The following year, Moorer re-grouped by winning against fringe contender Melvin Foster. Meanwhile, Foreman retained the title with a close and controversial decision against German fighter Axel Schulz.

Because of the controversial nature of the Foreman-Schultz bout, the IBF ordered Foreman to travel to Germany for a rematch, but Foreman refused, choosing to leave the IBF belt vacant instead. South African Francois Botha travelled to Germany instead and beat Schultz with another close decision to claim the title, but he was stripped of it when he tested positive for illegal substances shortly after.

IBF champion[edit]

Moorer was then given the opportunity to fight Schultz for the vacant crown in Berlin. On June 22, 1996, Moorer won the IBF heavyweight crown once again, beating Schultz by a 12-round split decision.

He thus technically became a three-time heavyweight champion; WBO (1992), WBA/IBF (1994) and IBF (1996–1997). It should be noted that when Moorer held the WBO heavyweight title, it wasn't considered an authentic heavyweight title. Ironically, Moorer has always been recognized as a former light-heavyweight champion despite only ever holding the WBO title at that weight.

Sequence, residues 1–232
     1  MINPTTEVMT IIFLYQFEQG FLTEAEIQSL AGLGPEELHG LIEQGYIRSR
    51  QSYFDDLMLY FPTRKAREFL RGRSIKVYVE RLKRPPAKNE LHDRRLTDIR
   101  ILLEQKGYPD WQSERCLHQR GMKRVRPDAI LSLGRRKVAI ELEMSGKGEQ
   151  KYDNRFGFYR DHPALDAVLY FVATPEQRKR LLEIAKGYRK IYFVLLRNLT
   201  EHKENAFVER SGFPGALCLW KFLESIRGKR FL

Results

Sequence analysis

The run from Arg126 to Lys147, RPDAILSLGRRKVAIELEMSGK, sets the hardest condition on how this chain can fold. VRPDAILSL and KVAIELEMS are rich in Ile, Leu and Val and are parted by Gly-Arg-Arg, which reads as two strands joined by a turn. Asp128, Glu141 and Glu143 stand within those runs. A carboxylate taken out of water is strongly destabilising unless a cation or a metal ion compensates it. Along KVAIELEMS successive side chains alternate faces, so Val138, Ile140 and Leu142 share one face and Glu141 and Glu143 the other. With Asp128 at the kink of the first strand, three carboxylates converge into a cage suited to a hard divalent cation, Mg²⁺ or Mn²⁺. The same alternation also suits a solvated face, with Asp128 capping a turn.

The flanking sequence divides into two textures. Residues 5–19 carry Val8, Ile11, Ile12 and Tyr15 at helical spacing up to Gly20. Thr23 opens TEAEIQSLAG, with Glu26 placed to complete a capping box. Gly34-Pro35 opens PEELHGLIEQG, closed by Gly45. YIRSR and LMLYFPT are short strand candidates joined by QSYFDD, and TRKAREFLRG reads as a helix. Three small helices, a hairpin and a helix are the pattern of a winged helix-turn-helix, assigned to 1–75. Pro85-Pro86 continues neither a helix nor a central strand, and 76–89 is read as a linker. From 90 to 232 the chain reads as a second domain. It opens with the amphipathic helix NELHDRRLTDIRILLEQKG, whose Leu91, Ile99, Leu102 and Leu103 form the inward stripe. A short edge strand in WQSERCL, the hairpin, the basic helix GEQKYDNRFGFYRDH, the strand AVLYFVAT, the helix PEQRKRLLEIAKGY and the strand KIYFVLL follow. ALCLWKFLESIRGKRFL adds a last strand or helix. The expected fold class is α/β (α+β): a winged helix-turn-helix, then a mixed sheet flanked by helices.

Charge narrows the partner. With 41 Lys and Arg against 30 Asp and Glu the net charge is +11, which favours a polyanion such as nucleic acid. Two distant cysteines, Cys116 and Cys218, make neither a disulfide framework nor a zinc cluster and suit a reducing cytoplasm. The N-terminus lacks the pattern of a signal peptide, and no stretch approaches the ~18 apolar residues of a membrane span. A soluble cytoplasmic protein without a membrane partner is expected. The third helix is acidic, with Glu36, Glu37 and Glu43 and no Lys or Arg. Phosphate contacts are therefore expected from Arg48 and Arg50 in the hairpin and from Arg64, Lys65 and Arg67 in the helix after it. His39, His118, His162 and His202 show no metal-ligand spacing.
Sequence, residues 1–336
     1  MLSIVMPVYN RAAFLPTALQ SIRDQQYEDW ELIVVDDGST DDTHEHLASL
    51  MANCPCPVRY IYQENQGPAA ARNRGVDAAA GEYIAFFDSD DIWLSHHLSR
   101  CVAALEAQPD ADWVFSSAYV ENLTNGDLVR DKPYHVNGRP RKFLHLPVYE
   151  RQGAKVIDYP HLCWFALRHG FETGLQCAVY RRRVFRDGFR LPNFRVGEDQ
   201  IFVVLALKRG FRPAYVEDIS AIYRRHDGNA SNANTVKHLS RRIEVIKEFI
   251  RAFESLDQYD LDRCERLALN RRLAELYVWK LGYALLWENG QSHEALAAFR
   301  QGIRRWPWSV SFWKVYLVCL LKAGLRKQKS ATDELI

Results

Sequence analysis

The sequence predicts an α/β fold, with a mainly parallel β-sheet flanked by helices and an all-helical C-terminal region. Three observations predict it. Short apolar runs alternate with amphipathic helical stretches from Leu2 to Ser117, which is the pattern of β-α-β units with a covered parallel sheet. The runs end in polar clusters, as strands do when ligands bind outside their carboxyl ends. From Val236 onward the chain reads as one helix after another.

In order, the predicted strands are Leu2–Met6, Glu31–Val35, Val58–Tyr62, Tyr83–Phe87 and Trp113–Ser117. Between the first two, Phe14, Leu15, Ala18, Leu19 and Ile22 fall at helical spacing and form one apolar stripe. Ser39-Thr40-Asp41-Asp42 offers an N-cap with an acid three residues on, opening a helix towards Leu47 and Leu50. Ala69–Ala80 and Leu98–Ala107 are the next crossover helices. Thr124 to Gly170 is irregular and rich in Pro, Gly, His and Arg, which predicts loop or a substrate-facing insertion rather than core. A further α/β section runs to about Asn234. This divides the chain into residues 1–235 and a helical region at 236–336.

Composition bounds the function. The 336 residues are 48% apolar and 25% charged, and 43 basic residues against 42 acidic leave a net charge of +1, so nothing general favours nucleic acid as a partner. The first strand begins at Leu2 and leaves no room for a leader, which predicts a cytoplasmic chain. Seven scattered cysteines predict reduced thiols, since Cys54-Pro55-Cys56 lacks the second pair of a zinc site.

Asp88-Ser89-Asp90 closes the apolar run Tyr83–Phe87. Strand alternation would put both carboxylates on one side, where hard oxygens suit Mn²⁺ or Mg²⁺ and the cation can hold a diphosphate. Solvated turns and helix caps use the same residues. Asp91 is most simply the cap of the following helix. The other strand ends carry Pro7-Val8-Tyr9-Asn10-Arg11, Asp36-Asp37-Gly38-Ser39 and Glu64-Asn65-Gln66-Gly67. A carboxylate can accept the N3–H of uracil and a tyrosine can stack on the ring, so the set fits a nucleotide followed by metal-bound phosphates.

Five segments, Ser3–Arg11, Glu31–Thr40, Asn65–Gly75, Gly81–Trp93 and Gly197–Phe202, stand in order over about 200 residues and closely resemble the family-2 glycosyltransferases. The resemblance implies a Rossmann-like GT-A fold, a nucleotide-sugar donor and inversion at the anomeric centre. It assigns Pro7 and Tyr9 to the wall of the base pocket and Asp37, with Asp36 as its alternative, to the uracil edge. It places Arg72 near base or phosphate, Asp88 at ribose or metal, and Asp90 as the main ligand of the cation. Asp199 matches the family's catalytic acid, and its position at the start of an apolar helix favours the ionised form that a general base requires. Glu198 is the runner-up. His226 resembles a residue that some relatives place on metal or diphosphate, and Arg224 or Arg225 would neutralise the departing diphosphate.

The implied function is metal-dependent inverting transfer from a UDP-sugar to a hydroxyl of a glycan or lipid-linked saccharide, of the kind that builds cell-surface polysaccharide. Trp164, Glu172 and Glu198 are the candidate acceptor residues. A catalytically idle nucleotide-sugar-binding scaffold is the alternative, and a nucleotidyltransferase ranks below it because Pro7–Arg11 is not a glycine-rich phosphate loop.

Moorer's first defense came against Botha on November 9, 1996. In a brutal one-sided bout, Moorer, leading on the cards going into the 12th, ended with a flourish, knocking Botha out with 18 seconds left in the bout.

In March 1997, Moorer retained his belt with a 12-round decision over previously undefeated Vaughn Bean before parting ways with trainer Teddy Atlas, with whom he'd been experiencing increasing tension since the beginning of their professional relationship. He replaced him with Freddie Roach.

Holyfield vs Moorer II[edit]

On November 8, Moorer lost his IBF title in a unification match with WBA champion Evander Holyfield. Moorer was knocked down five times before ringside doctor Flip Homansky advised referee Mitch Halpern to stop the bout in round eight.